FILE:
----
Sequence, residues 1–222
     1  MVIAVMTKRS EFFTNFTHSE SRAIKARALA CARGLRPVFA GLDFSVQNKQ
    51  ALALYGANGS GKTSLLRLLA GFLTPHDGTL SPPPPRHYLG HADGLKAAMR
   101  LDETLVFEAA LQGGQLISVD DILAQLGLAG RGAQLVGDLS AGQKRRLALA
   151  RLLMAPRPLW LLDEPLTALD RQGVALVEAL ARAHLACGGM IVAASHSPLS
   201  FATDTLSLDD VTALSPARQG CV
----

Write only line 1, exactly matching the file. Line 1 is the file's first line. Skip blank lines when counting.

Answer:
Sequence, residues 1–222